Our current Book of the Week is How do Expert Primary Classteachers really Work? A Critical Guide for Teachers, Headteachers and Teacher Educators by Tony Eaude. Based on Tony’s own research, this book presents a different view of the distinctive learning needs of 5-11 year-olds and examines the knowledge, skills and attributes required to meet these, especially as a classteacher. Informed by research, but linking this with practical examples, it examines how teachers with a high level of expertise with young children actually think, act and interact.
In this blog post Tony explains the thinking behind the book.
Teaching a class of young children is complex and unpredictable. Yet primary teachers are constantly encouraged to concentrate on results in literacy and numeracy and on didactic teaching methods. As a result, breadth and balance has been lost, the humanities and the arts marginalised and many children’s engagement with, and passion for, learning threatened.
The Cambridge Primary Review introduced me to the literature on expertise and teacher expertise, mostly from the United States. Despite some unease with the term ‘expert’, this seemed to offer important clues to understanding how really good teachers actually work, recognising that there are many different ways of doing so. However, it still said almost nothing about what was distinctive about teaching a class of young children.
‘How do expert primary classteachers really work?’ tries to explore this question in a simple and accessible format. It draws on the features of how experts operate, such as forming hypotheses, using specialist knowledge and improvising when faced with unexpected events; and how expert teachers work and think, in aspects such as using subject knowledge, providing feedback and planning. The book relates these to the reality of the primary classroom, with its many, cross-curricular aims and the needs of the ‘whole child’, social, emotional and creative as well as cognitive.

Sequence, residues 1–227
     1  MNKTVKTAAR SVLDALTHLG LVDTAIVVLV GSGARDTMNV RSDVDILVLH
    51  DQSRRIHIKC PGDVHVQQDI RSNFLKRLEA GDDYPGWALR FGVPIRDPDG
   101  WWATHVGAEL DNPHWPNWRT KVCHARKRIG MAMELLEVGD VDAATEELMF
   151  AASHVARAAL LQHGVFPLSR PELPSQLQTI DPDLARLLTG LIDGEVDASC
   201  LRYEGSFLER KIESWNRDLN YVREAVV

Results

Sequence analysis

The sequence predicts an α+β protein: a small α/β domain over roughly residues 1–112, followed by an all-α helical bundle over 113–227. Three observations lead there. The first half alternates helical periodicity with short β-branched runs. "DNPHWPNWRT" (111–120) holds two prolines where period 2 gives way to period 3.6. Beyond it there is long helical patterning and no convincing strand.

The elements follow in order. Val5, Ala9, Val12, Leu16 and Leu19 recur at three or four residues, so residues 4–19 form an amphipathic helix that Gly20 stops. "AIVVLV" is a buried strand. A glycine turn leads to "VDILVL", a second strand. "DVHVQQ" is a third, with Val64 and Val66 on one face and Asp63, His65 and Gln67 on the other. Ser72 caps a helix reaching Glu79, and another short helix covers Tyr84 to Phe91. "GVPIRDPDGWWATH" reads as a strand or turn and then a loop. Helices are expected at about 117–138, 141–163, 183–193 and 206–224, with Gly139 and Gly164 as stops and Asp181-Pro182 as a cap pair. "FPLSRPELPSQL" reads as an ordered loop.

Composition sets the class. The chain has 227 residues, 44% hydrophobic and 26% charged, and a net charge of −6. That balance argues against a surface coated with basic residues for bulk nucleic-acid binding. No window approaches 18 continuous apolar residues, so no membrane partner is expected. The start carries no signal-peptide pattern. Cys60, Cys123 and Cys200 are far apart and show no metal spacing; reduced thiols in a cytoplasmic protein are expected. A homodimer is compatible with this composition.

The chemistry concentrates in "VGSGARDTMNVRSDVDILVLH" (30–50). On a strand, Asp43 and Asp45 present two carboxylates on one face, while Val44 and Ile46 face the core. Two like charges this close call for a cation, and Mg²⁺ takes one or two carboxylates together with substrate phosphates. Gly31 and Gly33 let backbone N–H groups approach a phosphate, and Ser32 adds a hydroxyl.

While writing, I found the classic distinction between ‘domain’ and ‘craft’ knowledge of limited help, especially if domain was interpreted to mean ‘subject’. In particular, the lack of emphasis in the literature on personal and interpersonal knowledge and on relationships became very puzzling, when teaching seems to imply a knowledge of how teacher and pupils interact (and when the emotional impact on oneself of teaching young children is so powerful).
Shulman’s work on pedagogical content knowledge helps to show why subject knowledge as such matters less than the ability to match the subject matter to a particular group of children. His writing reminds us that teaching a class of young children is not just about producing a model lesson, with clearly stated objectives, meticulous planning and neatly summarised learning outcomes; but that it involves trying to meet multiple (and often-conflicting) aims over a whole year, increasingly in the face of external expectations which encourage simplistic and mechanistic teaching. Teaching a class is much more complex and fulfilling, requiring thought and judgement about how to create a curriculum which enables children to gain, and apply, the skills, attitudes, values and dispositions required for life in a world of constant change.
The book is designed to set readers thinking about teaching a class and about primary education in new ways, rather than provide the definitive version of how teachers should work (as if such a task were even remotely possible). It encourages primary teachers – and those who educate and manage them – to remember that the role is not just about ‘delivery’ of a pre-ordained curriculum so that children achieve high scores in literacy and numeracy. I hope it will help you recognise how expert primary teachers actually work- and reflect on ways of developing your own expertise.